Vikrant Chaudhary is retiring from This Week in Rust. He joined This Week in Rust in June 2015 with issue 84 and has been part of Rust Community team since February 2018. We'd like to thank Vikrant for his stewardship of TWiR these past five years, and making TWiR one of the community's favourite newsletters. We wish him all the best in his future projects.

To keep my usual long-windedness from obscuring the point of this post, i’ll put the summary up front: I’m stepping down from my positions as lead of the Team, and member of the Rustdoc and Documentation Teams, and ceasing my contributions for the immediate future. The Team will be co-led by Pietro Albini (@pietroalbini) and Joshua Nelson (@jyn514). The Rustdoc Team continues to be led by Guillaume Gomez (@GuillaumeGomez), and the Docs Team by Steve Klabnik (@steveklabnik).

I'd like to give the folks in the Rust project a heads up that I'm going to be scaling back my involvement in the day-to-day of Rust. I'm not going anywhere in the near future, but after doing some internal reflection I think it's the right time to start formally stepping down from some explicit/implicit/defacto roles. There's more on the specifics of what this means at the end, but I'd like to indulge myself for a moment as well to wax a bit.

Following Niko Matsakis' announcement of the LLVM ICE-breaker group, I'm pleased to announce the Cleanup Crew ICE-breaker group. It follows the same principle, if you know Rust and would like to contribute to rustc -- but without knowing about the compiler or taking on a large commitment -- then the Cleanup Crew ICE-breaker group might well be for you!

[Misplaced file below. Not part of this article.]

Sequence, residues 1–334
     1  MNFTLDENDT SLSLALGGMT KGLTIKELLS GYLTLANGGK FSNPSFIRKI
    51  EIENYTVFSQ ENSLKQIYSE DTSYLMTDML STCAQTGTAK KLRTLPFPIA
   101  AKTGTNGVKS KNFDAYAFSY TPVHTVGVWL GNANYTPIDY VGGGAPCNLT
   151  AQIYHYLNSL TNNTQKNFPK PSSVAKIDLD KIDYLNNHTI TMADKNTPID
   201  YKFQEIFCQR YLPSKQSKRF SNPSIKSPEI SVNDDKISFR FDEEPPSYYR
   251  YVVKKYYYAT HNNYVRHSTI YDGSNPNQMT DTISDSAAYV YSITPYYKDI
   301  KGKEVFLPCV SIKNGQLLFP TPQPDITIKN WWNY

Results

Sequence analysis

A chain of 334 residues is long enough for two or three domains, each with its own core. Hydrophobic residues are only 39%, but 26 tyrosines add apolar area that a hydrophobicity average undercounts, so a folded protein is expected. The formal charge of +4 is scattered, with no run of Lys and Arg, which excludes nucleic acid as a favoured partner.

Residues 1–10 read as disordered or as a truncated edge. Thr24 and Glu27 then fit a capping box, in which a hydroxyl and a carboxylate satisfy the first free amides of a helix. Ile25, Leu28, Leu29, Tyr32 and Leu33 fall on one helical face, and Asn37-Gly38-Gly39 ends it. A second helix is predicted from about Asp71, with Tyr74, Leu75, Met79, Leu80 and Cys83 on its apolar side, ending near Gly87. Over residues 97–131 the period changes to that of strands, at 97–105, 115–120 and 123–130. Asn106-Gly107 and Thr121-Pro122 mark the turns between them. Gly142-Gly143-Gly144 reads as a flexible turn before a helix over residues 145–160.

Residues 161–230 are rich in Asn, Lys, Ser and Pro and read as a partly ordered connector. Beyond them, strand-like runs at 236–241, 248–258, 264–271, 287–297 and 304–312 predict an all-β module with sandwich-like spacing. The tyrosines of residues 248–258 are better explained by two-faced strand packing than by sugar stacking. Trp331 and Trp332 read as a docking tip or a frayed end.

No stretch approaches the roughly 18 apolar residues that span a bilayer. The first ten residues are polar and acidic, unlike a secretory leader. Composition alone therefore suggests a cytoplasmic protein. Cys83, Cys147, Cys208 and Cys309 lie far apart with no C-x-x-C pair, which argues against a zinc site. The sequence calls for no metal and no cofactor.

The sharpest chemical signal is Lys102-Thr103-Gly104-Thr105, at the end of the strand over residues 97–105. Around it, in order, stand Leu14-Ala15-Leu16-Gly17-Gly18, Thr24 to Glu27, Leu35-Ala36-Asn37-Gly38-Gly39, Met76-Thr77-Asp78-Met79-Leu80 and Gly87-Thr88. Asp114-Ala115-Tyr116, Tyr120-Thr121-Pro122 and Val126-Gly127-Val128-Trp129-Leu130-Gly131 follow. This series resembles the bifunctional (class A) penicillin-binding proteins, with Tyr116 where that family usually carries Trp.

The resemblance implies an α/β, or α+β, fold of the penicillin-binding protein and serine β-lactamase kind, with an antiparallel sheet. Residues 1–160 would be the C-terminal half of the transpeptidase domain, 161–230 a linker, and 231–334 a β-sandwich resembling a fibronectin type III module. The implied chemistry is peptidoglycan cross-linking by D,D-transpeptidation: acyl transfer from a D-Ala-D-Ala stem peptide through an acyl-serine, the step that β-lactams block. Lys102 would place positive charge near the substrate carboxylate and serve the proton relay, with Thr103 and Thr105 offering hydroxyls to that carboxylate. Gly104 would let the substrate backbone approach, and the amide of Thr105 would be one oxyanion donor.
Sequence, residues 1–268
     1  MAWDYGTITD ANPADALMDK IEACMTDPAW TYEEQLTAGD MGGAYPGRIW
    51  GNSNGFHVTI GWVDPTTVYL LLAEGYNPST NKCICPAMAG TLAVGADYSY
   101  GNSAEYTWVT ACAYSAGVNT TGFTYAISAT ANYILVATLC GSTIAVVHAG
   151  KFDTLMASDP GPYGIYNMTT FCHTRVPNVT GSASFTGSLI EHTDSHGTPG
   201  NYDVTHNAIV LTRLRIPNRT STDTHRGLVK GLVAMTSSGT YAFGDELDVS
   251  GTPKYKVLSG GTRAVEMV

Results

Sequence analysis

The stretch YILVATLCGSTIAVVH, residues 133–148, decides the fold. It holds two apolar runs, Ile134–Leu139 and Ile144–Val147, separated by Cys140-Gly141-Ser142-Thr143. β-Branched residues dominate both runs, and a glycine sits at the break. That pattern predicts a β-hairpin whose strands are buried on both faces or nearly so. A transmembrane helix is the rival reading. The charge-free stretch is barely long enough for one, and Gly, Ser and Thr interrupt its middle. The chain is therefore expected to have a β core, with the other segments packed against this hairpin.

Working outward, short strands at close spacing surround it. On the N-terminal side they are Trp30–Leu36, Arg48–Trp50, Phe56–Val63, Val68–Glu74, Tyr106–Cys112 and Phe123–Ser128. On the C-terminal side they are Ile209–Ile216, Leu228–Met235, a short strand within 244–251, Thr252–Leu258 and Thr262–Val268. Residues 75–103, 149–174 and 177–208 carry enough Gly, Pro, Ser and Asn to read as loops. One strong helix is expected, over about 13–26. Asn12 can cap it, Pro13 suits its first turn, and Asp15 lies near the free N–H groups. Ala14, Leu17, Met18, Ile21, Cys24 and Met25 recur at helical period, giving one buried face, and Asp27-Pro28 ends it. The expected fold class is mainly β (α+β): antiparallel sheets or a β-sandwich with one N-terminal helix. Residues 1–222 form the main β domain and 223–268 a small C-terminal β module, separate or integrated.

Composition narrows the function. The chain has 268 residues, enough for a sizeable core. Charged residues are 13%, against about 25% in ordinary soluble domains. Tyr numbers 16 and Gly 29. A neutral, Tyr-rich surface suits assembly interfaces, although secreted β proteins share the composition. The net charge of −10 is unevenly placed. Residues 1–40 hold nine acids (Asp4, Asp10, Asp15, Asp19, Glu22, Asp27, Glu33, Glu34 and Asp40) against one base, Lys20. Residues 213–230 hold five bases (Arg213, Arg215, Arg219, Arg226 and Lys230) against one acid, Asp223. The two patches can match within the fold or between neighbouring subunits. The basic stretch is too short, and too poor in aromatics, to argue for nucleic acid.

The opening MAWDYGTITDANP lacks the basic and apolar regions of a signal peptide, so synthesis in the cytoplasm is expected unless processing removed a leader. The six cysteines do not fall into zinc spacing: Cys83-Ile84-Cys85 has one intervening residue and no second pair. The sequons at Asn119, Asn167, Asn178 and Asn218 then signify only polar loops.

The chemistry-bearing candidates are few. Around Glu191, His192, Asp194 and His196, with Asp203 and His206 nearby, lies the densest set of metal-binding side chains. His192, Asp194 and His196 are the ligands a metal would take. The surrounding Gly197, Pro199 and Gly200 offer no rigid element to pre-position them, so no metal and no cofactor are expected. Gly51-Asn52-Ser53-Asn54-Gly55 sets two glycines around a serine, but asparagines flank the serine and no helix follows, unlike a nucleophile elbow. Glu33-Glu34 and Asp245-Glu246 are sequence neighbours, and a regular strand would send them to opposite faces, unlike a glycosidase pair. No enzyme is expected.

A new decade has started, and we are excited about the Rust conferences coming up. Each conference is an opportunity to learn about Rust, share your knowledge, and to have a good time with your fellow Rustaceans. Read on to learn more about the events we know about so far.

Lately there has been considerable drama around Actix-web, for which I’ll point to Steve Klabnik’s A sad day for Rust to explain. This post is an opportunity to share some thoughts I’ve had about soundness, Rust, and open source community.


actix-web is dead.

This situation is bad, from all sides. When Rust was a tiny, tiny community, I thought to myself, “wow, I wonder how long this will last? Probably 1.0 will kill it.” Sort of playing off of Eternal September, I assumed that over time, the community would grow, and we’d encounter problems.

Today is the first day where I say to myself, okay, has that happened?

In my #rust2020 blog post, I mentioned rather off-handedly that I think the time has come for us to talk about forming a Rust foundation. I wanted to come back to this topic and talk in more detail about what I think a Rust foundation might look like. And, since I don’t claim to have the final answer to that question by any means, I’d also like to talk about how I think we should have this conversation going forward.

I want to write about an idea that Josh Triplett and I have been iterating on to revamp the lang team RFC process. I have written a draft of an RFC already, but this blog post aims to introduce the idea and some of the motivations. The key idea of the RFC is formalize the steps leading up to an RFC, as well as to capture the lang team operations around project groups. The hope is that, if this process works well, it can apply to teams beyond the lang team as well.